Posted 6/03/14 (Tue)
By Neal A. Shipman
A delegation of North Dakota state officials, including Lieutenant Governor Drew Wrigley, as well as officials from the North Dakota National Guard and the North Dakota Homeland Security, flew into Watford City last Friday morning to see firsthand the damage caused by the F2 tornado that destroyed Raley RV Park south of the city on Memorial Day evening.
As they viewed the remnants of the 12 to 15 campers and a dozen or so motor vehicles that had been totaled as a result of the twister and the 120 mph winds that accompanied the storm, Wrigley questioned why there were no community shelters in the vicinity of the RV park that would have provided shelter for residents.
“There are federal dollars available that would have helped provide shelters for people that need it during storms like this,” stated Wrigley. “We, the state, want to be able to offer any assistance that we can to help in the recovery and clean-up efforts.”
But according to Brent Sanford, Watford City mayor, the tornado struck so quickly that people living in the RV park had no time to react.
But still, according to Sanford, the city would not have any objections if the state required that owners of work force housing camps, such as Raley RV Park were to be required to have shelters on site.
“It is the state’s responsibility if it wants to require shelters in these types of camps,” said Sanford. “The state is responsible for licensing and monitoring them.”
For Tony Beyda, who had been living in the RV park for about four weeks, he told Wrigley that a shelter would have saved him from some of the injuries, including a severe laceration to the scalp that required several stitches, which he sustained in the tornado.
“I was making a tuna fish sandwich when my phone alerted to me a tornado,” stated Beyda. “I looked out the window and saw it coming. All I could do was hunker down and wonder where I was going to go?”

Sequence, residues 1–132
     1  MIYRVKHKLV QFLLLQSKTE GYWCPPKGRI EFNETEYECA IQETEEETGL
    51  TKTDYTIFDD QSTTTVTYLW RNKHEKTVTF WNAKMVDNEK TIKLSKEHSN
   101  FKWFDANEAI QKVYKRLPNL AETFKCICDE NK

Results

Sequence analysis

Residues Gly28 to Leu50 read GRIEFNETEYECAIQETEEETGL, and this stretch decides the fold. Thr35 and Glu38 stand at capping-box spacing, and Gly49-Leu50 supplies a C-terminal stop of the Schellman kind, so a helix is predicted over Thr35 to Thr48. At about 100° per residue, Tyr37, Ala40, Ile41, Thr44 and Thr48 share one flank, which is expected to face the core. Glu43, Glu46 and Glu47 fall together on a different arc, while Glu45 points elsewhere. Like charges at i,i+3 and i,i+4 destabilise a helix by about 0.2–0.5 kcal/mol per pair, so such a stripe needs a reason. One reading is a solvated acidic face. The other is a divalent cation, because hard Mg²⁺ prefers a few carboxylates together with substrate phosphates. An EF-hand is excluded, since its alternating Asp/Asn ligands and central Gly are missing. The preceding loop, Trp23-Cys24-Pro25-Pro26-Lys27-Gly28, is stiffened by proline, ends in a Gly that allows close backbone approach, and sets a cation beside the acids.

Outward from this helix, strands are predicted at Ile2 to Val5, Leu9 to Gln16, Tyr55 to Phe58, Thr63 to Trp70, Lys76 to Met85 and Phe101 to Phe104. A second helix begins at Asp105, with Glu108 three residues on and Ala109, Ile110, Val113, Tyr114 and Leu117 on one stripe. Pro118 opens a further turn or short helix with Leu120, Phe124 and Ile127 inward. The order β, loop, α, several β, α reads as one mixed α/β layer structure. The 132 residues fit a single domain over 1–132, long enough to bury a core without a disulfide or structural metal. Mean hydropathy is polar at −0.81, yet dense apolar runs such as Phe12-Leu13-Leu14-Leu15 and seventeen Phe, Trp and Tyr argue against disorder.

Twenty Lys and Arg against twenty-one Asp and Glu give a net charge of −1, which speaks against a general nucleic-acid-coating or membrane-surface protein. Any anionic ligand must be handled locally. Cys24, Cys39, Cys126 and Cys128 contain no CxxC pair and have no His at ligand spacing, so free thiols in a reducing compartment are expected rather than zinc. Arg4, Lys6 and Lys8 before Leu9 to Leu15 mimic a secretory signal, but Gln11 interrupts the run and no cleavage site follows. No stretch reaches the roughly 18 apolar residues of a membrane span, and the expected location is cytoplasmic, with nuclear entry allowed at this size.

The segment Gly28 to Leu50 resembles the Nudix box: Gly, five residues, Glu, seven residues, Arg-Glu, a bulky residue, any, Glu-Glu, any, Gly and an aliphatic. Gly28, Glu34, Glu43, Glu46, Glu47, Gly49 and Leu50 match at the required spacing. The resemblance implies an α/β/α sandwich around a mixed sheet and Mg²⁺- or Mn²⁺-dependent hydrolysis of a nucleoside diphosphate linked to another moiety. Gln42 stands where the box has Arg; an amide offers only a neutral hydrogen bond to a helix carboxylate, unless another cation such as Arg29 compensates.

For Beyda, the tornado hit so quickly that he wasn’t able to get out of his camper.
“I don’t know what hit me,” Beyda told Wrigley. “There was all kinds of debris flying around. It could have been my clothes dryer or part of the wall. I don’t know. It all happened so fast.”
As Wrigley stood looking at the devastation in the RV park, he noted just how fortunate it was that the tornado only hit that particular spot and missed so many other work force sites within close proximity to Raley RV Park. Within a mile of the tornado impact area, there are at least five other man camp locations, including the Indoor RV Park, as well as an oil well location and a gas plant.
“There really needs to be discussion on sheltering requirements,” stated Wrigley. “No housing can withstand a tornado. And with the federal cost-sharing that is available for these shelters, there just has to be a robust dialogue about it.”
“It is truly amazing that no one was fatally injured in the tornado,” stated Sanford. “And the good news is that the young 15-year-old girl that was in critical condition and had to be airlifted to a Minot hospital has been taken off critical status.”
Karolin Rockvoy with the McKenzie County Emergency Services was also amazed that there were no fatalities and that only nine people required medical attention.
And she credits the lack of more severe injuries being experienced on the tornado hitting on the long Memorial Day weekend.
“If it hadn’t been the Memorial Day weekend and people were away from their campers, it would have been worse,” states Rockvoy. “It would have been much worse if everyone had been at the park. There very well could have been fatalities.”
While Wrigley praised the swift response from local emergency responders and law enforcement teams and the way that the community has rallied to support those impacted by the tornado, those kind words weren’t much help to Beyda.
“The people in the community have been great,” said Beyda. “But I’ve lost my camper, my work truck and my car. Thank God, I still have my motorcycle.”
And like so many other residents of Raley RV Park, Beyda didn’t have any of his vehicles or his camper insured.
“I don’t know what I’m going to do now,” stated Beyda. “Maybe I’ll move closer to my daughter who is living in Minot. But I’m not going to be staying here.”